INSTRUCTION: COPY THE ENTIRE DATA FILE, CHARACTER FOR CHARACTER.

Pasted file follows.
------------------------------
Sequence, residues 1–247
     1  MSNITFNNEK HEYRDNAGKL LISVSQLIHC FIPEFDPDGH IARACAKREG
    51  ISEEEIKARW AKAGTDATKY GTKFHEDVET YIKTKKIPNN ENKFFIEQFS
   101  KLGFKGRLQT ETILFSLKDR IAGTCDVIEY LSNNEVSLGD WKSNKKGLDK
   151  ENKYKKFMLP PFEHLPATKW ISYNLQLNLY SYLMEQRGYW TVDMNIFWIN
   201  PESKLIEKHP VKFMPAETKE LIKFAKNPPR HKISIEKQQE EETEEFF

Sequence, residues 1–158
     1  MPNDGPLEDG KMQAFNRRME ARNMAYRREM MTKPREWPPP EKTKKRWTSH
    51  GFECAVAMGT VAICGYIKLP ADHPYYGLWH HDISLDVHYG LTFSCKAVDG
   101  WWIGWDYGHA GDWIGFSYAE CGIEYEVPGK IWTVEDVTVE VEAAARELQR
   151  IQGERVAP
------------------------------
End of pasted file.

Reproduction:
Sequence, residues 1–247
     1  MSNITFNNEK HEYRDNAGKL LISVSQLIHC FIPEFDPDGH IARACAKREG
    51  ISEEEIKARW AKAGTDATKY GTKFHEDVET YIKTKKIPNN ENKFFIEQFS
   101  KLGFKGRLQT ETILFSLKDR IAGTCDVIEY LSNNEVSLGD WKSNKKGLDK
   151  ENKYKKFMLP PFEHLPATKW ISYNLQLNLY SYLMEQRGYW TVDMNIFWIN
   201  PESKLIEKHP VKFMPAETKE LIKFAKNPPR HKISIEKQQE EETEEFF

Sequence, residues 1–158
     1  MPNDGPLEDG KMQAFNRRME ARNMAYRREM MTKPREWPPP EKTKKRWTSH
    51  GFECAVAMGT VAICGYIKLP ADHPYYGLWH HDISLDVHYG LTFSCKAVDG
   101  WWIGWDYGHA GDWIGFSYAE CGIEYEVPGK IWTVEDVTVE VEAAARELQR
   151  IQGERVAP